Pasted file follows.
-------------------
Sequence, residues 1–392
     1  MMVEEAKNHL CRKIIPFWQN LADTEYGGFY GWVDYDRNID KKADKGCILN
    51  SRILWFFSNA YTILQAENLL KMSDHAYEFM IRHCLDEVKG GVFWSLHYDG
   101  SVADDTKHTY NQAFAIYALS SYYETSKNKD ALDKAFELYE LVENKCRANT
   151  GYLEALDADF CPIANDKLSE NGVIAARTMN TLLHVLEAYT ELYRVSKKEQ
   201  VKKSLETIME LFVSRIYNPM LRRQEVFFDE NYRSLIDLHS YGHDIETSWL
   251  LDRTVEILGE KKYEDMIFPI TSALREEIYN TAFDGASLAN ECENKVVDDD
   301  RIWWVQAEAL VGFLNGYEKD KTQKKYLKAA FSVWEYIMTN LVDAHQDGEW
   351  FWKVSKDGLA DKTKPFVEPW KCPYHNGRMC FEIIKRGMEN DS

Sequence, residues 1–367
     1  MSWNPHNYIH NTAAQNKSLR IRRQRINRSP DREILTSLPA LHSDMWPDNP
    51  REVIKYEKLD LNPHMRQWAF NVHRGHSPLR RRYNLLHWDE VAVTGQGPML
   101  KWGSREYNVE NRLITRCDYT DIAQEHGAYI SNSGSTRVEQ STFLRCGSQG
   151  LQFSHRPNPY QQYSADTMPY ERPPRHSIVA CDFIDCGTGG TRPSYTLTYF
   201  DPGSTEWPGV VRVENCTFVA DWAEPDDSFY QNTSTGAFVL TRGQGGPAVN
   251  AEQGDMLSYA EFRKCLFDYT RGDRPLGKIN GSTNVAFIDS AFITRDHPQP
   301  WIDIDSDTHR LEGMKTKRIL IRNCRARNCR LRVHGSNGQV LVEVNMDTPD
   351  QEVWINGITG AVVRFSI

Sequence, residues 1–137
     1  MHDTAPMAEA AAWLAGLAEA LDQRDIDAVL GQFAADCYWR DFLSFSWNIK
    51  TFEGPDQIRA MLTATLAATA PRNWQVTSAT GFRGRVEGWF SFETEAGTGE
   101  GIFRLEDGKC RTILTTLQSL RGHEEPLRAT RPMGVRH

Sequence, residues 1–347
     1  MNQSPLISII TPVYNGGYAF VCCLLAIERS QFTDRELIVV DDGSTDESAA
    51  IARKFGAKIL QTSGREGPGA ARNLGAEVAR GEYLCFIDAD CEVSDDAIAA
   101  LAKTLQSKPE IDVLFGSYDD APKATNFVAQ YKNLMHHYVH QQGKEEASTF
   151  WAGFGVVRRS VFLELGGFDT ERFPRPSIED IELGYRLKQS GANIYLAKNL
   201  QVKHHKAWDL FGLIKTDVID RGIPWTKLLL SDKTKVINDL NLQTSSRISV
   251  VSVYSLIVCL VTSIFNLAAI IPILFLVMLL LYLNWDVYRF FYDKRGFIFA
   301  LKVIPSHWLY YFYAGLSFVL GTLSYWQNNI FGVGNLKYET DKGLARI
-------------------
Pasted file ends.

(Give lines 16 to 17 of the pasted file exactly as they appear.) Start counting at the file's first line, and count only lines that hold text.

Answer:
   251  AEQGDMLSYA EFRKCLFDYT RGDRPLGKIN GSTNVAFIDS AFITRDHPQP
   301  WIDIDSDTHR LEGMKTKRIL IRNCRARNCR LRVHGSNGQV LVEVNMDTPD